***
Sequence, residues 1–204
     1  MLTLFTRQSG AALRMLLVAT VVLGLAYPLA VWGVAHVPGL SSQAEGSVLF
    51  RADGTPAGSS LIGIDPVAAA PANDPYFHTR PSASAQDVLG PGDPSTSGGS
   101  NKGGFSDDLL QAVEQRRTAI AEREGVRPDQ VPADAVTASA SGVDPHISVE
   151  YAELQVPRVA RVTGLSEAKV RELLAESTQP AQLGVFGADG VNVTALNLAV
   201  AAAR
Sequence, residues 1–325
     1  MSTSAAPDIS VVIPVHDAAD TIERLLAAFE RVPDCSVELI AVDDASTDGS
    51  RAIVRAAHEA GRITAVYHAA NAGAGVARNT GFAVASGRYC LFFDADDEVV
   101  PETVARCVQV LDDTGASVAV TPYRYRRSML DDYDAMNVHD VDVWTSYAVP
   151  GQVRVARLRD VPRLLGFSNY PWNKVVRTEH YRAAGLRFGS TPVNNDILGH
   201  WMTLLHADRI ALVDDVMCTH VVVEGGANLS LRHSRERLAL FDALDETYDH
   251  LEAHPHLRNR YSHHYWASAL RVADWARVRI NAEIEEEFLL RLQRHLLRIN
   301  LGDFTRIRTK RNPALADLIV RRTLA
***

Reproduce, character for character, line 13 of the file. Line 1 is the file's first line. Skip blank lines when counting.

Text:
   251  LEAHPHLRNR YSHHYWASAL RVADWARVRI NAEIEEEFLL RLQRHLLRIN